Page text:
David P. Gierga, PhD
Massachusetts General Hospital, Boston
FLASH radiotherapy has received a large amount of recent attention. The hypothesis is that very high dose rates (on the order of 100-1000 Gy/second) can lead to enhanced normal tissue sparing. If confirmed in a clinical setting, this could have enormous implications for radiotherapy. A recent “Oncology Scan” article in the International Journal of Radiation Oncology Biology Physics highlighted three recent papers on FLASH in a pre-clinical setting1-4. In the first paper, Montal-Gruel et al showed that a single whole-brain dose given at high dose rates did not result in a memory deficit and reduced cognitive damage in mice. In the second paper, Vozenin et al demonstrated the advantage of FLASH in min-pigs and cats. The third paper, however, by Zlobinskaya et al, did not demonstrate a difference in RBE for pulsed proton beams (delivered in nano-second pulses) vs continuous irradiation.
Three additional recent publications from the Radiotherapy and Oncology also explore FLASH radiotherapy. Buonanno et al tested human lung fibroblasts exposed to protons at dose rates varying from 1000 Gy/sec to 0.05 Gy/sec and found little effect on acute effects but significantly reduced delayed detrimental effects at FLASH dose rates5. Second, Spitz et al hypothesize several models, based on radiochemistry and oxygen depletion that could be used to explain the underlying biological effects of FLASH vs conventional dose rates on both normal tissues and tumors6. Lastly, Lempart et al demonstrated that ultra-high dose rates (hundreds of Gy/sec) were possible using a modified clinical linear accelerator7.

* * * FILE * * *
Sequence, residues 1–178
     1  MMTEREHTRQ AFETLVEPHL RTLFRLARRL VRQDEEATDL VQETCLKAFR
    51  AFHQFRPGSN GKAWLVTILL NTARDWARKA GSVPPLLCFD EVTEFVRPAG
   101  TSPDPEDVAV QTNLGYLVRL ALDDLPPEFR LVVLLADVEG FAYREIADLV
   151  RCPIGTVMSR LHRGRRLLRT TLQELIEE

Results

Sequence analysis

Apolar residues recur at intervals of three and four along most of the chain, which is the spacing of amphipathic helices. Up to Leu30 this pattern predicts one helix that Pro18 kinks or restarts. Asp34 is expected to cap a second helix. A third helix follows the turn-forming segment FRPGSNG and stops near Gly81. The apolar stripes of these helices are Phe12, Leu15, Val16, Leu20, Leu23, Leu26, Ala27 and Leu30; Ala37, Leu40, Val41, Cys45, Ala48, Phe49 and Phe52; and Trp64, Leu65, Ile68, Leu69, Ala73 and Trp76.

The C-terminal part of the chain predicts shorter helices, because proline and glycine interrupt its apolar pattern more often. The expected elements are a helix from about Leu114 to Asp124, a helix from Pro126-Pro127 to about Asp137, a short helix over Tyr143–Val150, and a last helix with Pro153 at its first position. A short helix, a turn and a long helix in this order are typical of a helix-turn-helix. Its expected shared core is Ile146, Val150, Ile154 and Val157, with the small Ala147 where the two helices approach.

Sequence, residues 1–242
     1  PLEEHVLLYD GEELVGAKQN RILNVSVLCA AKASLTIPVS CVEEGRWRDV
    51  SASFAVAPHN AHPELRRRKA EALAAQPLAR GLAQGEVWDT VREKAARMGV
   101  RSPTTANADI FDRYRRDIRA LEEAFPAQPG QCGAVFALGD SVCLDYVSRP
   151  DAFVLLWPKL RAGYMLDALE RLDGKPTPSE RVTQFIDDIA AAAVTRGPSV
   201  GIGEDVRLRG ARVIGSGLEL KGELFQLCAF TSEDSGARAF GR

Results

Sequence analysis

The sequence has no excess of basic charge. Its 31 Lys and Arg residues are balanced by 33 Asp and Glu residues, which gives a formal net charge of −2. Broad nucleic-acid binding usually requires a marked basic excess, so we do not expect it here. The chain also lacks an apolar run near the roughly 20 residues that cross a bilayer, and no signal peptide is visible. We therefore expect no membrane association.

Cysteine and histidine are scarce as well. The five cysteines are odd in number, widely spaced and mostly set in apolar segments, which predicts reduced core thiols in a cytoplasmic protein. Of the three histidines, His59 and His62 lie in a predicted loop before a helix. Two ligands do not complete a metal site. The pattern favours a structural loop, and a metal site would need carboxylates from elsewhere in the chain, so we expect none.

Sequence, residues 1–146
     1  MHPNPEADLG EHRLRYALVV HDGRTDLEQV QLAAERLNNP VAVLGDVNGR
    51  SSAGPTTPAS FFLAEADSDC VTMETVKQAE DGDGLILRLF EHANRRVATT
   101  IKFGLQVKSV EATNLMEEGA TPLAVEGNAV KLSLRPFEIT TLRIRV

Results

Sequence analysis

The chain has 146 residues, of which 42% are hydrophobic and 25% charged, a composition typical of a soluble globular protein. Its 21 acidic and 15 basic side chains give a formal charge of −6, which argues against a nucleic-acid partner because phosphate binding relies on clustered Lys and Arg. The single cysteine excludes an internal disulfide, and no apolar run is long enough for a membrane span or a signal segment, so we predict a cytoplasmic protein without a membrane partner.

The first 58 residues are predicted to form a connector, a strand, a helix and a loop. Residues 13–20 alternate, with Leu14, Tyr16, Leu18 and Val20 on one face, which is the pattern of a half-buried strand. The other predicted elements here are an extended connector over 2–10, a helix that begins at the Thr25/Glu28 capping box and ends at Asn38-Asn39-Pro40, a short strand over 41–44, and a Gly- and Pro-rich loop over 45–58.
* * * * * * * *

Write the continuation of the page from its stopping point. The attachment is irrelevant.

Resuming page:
Certainly, the underlying biological mechanisms of ultra-high dose rate radiotherapy are not fully understood, and further testing is required to confirm if gains in the therapeutic ratio are indeed possible. The possibilities, however, are quite intriguing and continued research is certainly warranted.
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